Gardening for You: Bubbas burst with blooms

Desert Willows are ideal small, flowering trees for hot, low-rainfall climates. Desert willows (Chilopsis linearis) pronounced chi-LOP-sis lin-ee-AIR-iss, are native to the desert Southwest, from West Texas to New Mexico, Arizona, southern California, and the northern Sonoran Desert.

The common name, desert willow, is somewhat misleading as it is not related to the weeping willow, Salix babylonica, “Willow” is shared by both species because both have narrow, linear 6-inch-long leaves and slender, arching stems that sway in the breeze, yet they are very different. Weeping willows are adapted to moist riparian habitats while desert willows thrive with drought conditions in poor quality soils.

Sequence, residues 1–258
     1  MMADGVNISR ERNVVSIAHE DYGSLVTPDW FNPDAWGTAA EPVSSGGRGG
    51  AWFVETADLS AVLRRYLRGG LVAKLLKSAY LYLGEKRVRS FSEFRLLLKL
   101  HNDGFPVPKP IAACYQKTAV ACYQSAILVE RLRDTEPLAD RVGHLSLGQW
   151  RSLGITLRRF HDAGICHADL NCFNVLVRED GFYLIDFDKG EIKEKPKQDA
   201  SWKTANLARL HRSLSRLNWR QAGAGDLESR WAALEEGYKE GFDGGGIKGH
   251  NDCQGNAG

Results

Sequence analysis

The graceful architecture of desert willow is unlike most landscape trees. Juvenile trunks are smooth barked, becoming rougher as wood matures. Because of their artsy form desert willows are effective in the landscape as border plantings, street trees, or single specimens in a drought-tolerant garden.


Desert willows are deciduous shrubs or multi-trunked trees with year-round interest. In the spring showy, trumpet-shaped, orchid-like, fragrant flowers bloom with an endless summer display. Elongated two-sectioned, pod-like capsules gradually appear as flowering ceases. Seed pods persist into the winter with many hanging on into the next spring. Mature seed capsules split open, releasing seeds.

Desert willows are easily propagated from seed. Seedlings pop up near the trees but birds can carry seed quite a distance from the tree. Most desert willow trees in commerce are seedlings grown from seed collections. The seed will not breed true, which is why flower colors vary from white, creamy, pink, rose, lavender, and violet. If a particular flower color is desired to complement a landscape, wait until trees come into bloom to choose the flower color.

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